news

As of Late

As of late I’ve been getting up in the middle of the night. Don’t ask why as there might be a plethora of reasons. I might say that I only need a few hours of sleep each night. I might say that all the caffeine consumed throughout the day has kept me awake. It may be that I’m a light sleeper and my child has kicked me back into consciousness at 2am. It also may be that I have tasks to do such as international calling. Maybe waking up in the middle of the night is just natural.

Anywho… if it gives me a chance to write a little bit, all the better.

On Calligraphy

Yesterday a student asked me if I wanted to participate in her Calligraphy club. I mused aloud how my handwriting must be so beautiful. Was this a low blow to the teacher? I do not have legible handwriting… what gives? She mentioned that last year we learned cursive together and that I might be interested. What a thoughtful student! The club held a competition the previous year- didn’t know it existed, let alone the competitions. It seems that it was an online thing. One plus was that the competition allowed for both Chinese and English calligraphy submissions! Hopefully in the future the will be some updates worth posting and sharing…

On 90 seconds of ‘fame’

So the fam’ was on television yesterday. Nothing primetime, just the local television station (…considering the population of the ‘city’ is 8.23 million, I’m sure a few people watched). It’s funny because one sees oneself in a different light in that situation. Totally unprepared and unrehearsed, my ‘performance’ was very ordinary 😉 I also noted that I have aged and almost remind myself of my grandparents though not nearly as aged.

too much thinking

Each week, my students get a 21st Century newspaper. Seldom do I get my hands on an English language newspaper, so I usually indulge. A quick flip through the paper nets me a handful of articles worthy of a read. It’s actually a great tool for the students- I wish there was something similar for myself as a self-study Chinese language student.

But back to the topic of today’s post: Too Much Thinking.

The article in the paper hit the the nail on the head. I snapped a photo of a paragraph (seen above) that contains a gem of truth: “… they have to worry about students who complain about being made to think too much.” They being the professors, of course, the students university students.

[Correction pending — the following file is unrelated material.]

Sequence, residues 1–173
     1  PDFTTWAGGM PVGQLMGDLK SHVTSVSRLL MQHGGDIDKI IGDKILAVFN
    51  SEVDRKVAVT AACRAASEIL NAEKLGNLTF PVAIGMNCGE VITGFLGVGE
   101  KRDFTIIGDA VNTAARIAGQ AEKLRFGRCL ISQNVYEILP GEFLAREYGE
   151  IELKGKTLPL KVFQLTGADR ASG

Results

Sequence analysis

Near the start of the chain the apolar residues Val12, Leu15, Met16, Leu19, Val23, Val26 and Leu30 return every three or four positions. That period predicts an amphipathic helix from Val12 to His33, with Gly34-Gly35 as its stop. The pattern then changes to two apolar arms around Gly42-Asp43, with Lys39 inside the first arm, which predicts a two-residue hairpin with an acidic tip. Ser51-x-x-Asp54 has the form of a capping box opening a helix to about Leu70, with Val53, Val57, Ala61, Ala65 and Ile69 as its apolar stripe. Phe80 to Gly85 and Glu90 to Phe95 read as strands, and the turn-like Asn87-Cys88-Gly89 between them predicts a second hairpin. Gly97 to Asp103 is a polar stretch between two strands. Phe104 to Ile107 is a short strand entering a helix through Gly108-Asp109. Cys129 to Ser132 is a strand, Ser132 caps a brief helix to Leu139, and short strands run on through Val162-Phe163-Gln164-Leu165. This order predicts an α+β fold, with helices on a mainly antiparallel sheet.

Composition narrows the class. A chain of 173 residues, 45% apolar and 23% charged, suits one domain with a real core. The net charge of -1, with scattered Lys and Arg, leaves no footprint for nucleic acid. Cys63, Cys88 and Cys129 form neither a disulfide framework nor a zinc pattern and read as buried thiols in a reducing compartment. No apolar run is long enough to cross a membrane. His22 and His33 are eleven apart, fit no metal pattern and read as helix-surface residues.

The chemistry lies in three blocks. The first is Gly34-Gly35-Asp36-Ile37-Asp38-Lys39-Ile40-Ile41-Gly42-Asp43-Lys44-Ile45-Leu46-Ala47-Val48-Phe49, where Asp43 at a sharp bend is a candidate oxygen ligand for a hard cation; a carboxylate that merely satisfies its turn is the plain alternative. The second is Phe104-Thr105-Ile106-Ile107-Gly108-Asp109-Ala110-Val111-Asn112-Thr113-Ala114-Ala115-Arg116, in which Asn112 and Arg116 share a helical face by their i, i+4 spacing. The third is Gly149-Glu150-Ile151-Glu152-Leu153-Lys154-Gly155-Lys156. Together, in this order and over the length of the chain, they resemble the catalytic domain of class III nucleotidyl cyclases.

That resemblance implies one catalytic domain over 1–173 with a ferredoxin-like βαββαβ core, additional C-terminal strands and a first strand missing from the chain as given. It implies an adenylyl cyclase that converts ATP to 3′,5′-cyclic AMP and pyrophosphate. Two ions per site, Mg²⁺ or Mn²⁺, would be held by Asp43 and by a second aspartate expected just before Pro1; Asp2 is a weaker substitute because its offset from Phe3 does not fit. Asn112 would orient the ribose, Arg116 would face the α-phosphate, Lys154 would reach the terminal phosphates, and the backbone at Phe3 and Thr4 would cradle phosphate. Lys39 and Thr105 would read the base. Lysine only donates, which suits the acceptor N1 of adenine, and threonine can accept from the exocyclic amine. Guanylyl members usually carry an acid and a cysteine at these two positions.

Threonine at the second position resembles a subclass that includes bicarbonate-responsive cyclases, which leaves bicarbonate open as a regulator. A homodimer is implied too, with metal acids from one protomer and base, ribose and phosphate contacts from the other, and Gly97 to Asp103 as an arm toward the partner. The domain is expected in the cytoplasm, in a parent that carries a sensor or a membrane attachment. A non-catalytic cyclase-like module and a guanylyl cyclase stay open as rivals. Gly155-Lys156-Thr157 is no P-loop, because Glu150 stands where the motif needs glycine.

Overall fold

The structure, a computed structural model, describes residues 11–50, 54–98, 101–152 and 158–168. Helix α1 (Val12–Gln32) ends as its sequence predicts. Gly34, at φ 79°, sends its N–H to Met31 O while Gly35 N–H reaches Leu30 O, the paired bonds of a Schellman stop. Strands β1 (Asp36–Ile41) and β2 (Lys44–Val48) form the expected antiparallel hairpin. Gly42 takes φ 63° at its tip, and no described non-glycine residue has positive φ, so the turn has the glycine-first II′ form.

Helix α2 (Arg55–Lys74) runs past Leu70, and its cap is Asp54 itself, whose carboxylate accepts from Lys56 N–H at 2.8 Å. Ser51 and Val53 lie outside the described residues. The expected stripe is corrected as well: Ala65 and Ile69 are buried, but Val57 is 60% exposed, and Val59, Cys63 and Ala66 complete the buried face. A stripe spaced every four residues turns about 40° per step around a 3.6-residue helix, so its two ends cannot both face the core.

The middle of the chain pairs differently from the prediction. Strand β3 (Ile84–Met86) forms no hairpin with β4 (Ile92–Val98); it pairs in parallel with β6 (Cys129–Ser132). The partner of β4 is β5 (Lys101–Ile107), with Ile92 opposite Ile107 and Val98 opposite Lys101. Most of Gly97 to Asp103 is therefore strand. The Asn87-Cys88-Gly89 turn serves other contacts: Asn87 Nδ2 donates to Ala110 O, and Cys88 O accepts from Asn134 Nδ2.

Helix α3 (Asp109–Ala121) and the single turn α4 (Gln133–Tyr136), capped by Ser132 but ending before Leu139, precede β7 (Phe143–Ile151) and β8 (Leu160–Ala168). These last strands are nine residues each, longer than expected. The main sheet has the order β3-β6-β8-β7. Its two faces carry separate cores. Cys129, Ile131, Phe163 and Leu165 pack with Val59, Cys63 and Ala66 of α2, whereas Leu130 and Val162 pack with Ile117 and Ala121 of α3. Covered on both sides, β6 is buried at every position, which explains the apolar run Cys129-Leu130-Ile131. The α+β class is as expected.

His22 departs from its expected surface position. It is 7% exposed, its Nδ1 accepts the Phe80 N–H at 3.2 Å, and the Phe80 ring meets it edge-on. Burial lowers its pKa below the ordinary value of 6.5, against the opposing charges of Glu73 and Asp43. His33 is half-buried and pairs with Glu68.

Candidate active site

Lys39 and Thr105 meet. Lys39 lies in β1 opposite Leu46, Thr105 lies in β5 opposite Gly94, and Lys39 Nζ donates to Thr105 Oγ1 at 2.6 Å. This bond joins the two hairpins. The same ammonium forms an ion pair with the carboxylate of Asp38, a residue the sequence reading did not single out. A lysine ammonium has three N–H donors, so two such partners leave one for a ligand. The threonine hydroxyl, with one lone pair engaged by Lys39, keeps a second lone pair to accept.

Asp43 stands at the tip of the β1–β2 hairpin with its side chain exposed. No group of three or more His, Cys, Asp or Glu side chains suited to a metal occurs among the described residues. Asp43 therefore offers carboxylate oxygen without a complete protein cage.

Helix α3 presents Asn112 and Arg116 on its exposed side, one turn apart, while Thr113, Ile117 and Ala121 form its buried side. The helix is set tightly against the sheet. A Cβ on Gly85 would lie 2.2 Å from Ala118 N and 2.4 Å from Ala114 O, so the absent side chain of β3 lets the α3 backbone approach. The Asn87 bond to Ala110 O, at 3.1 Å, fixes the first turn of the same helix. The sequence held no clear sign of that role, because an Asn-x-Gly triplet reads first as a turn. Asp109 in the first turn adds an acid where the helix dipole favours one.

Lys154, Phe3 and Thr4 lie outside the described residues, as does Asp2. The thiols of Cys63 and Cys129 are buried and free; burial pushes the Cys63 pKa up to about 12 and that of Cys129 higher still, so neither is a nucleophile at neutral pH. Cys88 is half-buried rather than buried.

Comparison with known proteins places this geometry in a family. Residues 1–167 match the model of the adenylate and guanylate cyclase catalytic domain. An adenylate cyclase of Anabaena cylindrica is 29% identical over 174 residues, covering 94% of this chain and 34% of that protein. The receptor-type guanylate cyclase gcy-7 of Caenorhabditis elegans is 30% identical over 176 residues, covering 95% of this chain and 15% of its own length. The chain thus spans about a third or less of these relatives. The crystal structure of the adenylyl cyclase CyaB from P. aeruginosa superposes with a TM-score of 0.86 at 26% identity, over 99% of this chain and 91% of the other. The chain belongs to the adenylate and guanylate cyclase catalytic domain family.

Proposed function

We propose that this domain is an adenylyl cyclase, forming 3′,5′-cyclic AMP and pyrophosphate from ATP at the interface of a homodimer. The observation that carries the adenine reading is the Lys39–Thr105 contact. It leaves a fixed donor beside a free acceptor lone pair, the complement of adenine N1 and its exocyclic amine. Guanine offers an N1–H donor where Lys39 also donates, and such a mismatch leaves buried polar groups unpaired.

I suppose that students have always been complaining. That probably hasn’t changed much over the course of history. But what did you expect when you enrolled in, and paid for university classes? My generation expected to ‘think’ when they went to class, not surf the net, check Facebook, or watch Youtube videos of people doing rather [adj.] things. And we were expected to think outside of class too, at least some of the time 😉

Higher education, from what I’ve read (sorry, I should give you some links but well, it’s 5am…), wasn’t intended or designed for everyone, not intended for mass consumption, not intended for people who object to thinking, and thinking critically. This might explain some of the objection to the mental exercise.

I’d also wager that there has been an education inflation taking place, due to the deflated value of the degree. Simply put: when teachers don’t have to placate their students, quality will be higher; when teachers have to kowtow to students ‘needs’, quality may drop.

Perhaps my view is influenced by having sat through boring lectures with nothing to do but listen. Maybe I’m jealous not having had mind-numbing entertainment just fingertips away while attending mind-numbing education. But maybe what I’m getting at is that if it comes too easy, what is it worth? If you show up to class, don’t pay attention, don’t think about it, don’t find it difficult yet still ace the class you’re either a genius or not learning anything you didn’t know before. If the latter, you’ve been bamboozled out of both money and an education…

The article I read seemed to be referring to students in the US but in my experience, it may as well be applicable here in China. Also, I find the title of the article humorous. The part about inspiration might be useful: who doesn’t like an inspiring, charismatic educator? I’m all for that. But “Profs who inspire and challenge students”? Sounds like the challenge is sitting still, focusing, and thinking.

Heaven forbid we would have to think…

~peace~

Read the Obituaries

Call it a little strange, call it an insight. Often when I come across a headline in the news of some ‘famous’ person passing away, I’ll click and have a look (or if I happen upon a newspaper, I continue reading).

Why? Old people are often under-appreciated and under-utilized by younger versions of people . They are a wealth of knowledge and it’s unfortunate we *sometimes* don’t tap into their resources while they are still with us.